And so, it begins… well almost. Before a ball has been kicked, this is how we rank the 32 teams. You may consider this is pure nonsense (we specialise in it). Feel free to disagree, in fact we insist.
A nation desperate to right the wrongs from four years ago, when the Seleção were humiliated 7-1 by Germany on home soil. On the road to retribution, Brazil claimed the Olympic title in Rio 2016, breezed their way to World Cup qualification and secured a 1-0 ‘friendly’ victory over the Germans in Berlin, back in March of this year.
Fears that their talismanic poster boy, Neymar, would miss the tournament through injury were alleviated when the PSG forward made a goal-scoring return off the subs bench in a routine win against Croatia. Neymar joins the likes of Gabriel Jesus, Coutinho, Willian and Roberto Firmino in a forward line that is frankly terrifying and brings FIFA’s fair play rules into question.
But crucially, head coach Tite has brought genuine balance to a side which has rediscovered its mojo since he took over from Dunga. Brazil enter the tournament as the bookies’ favourites and with good reason. SC
With a perfect P10, W10 record in qualification, four-time winners and reigning champions Germany head into the tournament at #1 in the FIFA rankings and are looking to become the first team to retain the trophy since Brazil in 1962.
Throughout qualification, Joachim Löw struck an almost perfect balance of defensive resolve and attacking potency (other German coaches take note). However, since then, things haven’t exactly been plain sailing. An embarrassment of midfield riches led to the somewhat surprising omission of Man City’s Leroy Sane from the 23-man squad, alongside unwanted controversy surrounding Ilkay Gundogan and Mesut Ozil.
Scraping a solitary win from their last six friendlies would be cause for concern for many. But this is Germany and everyone knows about their uncanny knack of getting it together in major tournaments
“The World Cup is a football tournament competed by 32 teams in which Germany contest the final”. SC
1998 winners Les Bleus will be undoubtedly considered favourites for the tournament as they embark to Russia. The quality present in that squad is unquestionable, yet the French’s ability to self-implode and mutiny is another matter.
Dider Deschamps will be hoping for a cohesive team which utilises the strengths of his breadth of talent in a squad which is well bolstered. France is unpredictable, but with a favourable looking group, many French supporters will be praying for a reunion with a trophy they have kissed merely once.
The memories of 98’, the heartbreak of ‘06 including that Zidane headbutt and disappointment at the Euro’s they so desperately wanted on home soil. With Griezmann, Mbappe and Fekir amongst their midst, they will arrive with great expectation.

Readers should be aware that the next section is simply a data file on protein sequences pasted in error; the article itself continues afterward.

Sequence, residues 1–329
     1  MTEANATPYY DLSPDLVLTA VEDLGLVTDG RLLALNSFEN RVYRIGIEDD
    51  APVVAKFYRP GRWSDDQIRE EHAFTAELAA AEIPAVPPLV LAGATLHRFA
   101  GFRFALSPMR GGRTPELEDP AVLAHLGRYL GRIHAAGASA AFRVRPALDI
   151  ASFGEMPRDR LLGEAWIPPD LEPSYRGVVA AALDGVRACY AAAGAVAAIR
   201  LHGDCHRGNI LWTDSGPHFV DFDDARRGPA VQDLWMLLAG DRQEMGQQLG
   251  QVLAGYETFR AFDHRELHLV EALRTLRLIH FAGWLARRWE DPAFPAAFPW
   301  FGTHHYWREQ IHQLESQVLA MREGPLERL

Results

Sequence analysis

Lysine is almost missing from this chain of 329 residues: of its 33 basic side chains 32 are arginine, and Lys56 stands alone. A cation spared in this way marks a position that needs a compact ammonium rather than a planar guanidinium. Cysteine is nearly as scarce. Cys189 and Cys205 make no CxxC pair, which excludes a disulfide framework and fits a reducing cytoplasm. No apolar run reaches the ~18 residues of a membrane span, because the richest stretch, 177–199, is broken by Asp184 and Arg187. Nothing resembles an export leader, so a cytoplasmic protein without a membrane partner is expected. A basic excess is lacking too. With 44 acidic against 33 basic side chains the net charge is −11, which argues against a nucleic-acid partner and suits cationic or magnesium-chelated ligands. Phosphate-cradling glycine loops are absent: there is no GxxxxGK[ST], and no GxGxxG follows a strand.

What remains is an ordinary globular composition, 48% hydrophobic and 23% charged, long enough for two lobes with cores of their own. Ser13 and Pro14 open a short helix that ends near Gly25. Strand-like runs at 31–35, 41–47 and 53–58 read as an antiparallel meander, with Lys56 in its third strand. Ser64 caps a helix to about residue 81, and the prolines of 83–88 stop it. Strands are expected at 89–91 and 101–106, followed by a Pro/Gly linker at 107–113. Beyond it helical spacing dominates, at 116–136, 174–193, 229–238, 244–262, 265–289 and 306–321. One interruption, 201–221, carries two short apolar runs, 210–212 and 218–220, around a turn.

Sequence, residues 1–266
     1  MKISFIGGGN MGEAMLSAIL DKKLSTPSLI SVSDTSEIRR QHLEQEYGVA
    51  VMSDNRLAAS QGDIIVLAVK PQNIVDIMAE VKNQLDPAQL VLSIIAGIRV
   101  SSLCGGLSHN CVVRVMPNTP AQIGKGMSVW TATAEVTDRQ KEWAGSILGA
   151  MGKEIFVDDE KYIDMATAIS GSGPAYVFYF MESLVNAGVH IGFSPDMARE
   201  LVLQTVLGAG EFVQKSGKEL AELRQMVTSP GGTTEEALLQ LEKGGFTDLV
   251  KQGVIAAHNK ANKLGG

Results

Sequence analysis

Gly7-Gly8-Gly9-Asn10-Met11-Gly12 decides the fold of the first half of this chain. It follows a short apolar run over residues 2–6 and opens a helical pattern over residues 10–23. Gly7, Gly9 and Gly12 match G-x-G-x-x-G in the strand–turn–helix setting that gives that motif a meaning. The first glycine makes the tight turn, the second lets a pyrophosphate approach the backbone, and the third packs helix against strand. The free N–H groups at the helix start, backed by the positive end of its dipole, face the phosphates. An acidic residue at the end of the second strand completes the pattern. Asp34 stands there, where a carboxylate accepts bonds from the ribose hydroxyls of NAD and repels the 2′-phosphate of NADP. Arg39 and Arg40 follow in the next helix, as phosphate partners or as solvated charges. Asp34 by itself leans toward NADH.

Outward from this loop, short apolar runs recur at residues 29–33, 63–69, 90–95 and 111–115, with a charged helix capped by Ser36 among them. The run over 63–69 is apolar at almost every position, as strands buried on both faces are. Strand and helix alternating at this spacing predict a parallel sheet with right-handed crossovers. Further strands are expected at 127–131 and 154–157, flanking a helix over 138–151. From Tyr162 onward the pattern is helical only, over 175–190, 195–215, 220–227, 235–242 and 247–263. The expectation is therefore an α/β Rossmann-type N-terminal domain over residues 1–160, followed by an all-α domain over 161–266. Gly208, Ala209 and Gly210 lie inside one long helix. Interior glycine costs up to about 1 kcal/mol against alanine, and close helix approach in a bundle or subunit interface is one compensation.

Will the weight of those expectations prove too heavy or can the French end 20 years of hurt? CS
It is now or never for Lionel Messi and co., with the five-time Ballon D’or winner stating in December: “If we don’t win, all of us must disappear from the national team.”
The ‘us’ Messi alludes to includes arguably the greatest abundance of attacking talent international football has ever seen. Sergio Aguero, Angel Di Maria, Gonzalo Higuain and Messi (Mauro Icardi, who scored 29 goals this season, wasn’t even picked) will have won nothing together if the World Cup again eludes them in Russia.
As it is, Messi has already failed to triumph with supporting casts including Carlos Tevez, Juan Roman Riquelme and Hernan Crespo – as Argentina coach Jorge Sampaoli put it: “The World Cup is like a gun pointing to Messi’s head.”
After seven consecutive international finals lost – including three in the last four years – la Albiceleste have proven they can go far, but not far enough. Messi can pose with as many goats as he likes, but without going one step further this summer, he’ll never be the GOAT in his homeland. JG
Spain could become worthy champions again after that horrific display in the World Cup in Brazil. After getting thumped by the Netherlands 5-1 and beaten by Chile 2-0, the reigning champions in 2010 were said to have taken defeat on the chin after they failed to make it out of the group stages in 2014.
Spain, under new Real Madrid manager Julen Lopetegui, now have a real swagger about them and could return to success with players such as Isco and Rodrigo having made a big impact with the national team of late.
One to look out for is Marco Asensio, a young player at Real Madrid who may not start every game for the national team but is already a first-team player at Real and scored in the Champions League Semi-Final.
Unbeaten in 18 matches, Spain have a tough opening game on June 15 against Portugal; this will be a great showcase for both teams. ABP
Roberto Martinez’ boys arrive in Russia in fine fettle and start the tournament as one of the fancied teams. In their favour, they have a group of quality players who have played together for several years – their nation’s ‘golden generation’ – and a form guide that shows them unbeaten in their last 19 games.
But, and it’s a big but, they have yet to deliver at the highest level and most recently crumbled under the pressure of Euro 2016 when they were beaten by Wales in the quarter-finals.
Under Martinez, they have found a way of playing that utilises the mesmeric skills of Man City’s Kevin De Bruyne and Chelsea’s Eden Hazard – two of the best players in Europe – and with Man Utd’s Romelu Lukaku leading their line they have all the tools needed to go deep in this tournament. GG
Fernando Santos’s team surely could (and maybe should) be higher in the rankings after winning the Euros in 2016.
However, can Portugal afford to have the same slow start they experienced two years ago? In a traditional European Championships they would’ve gone home, but in the expanded format they were allowed to continue as one of the best-placed third teams. Then again, with Cristiano Ronaldo in your team and 10 other competent players, you always stand a chance.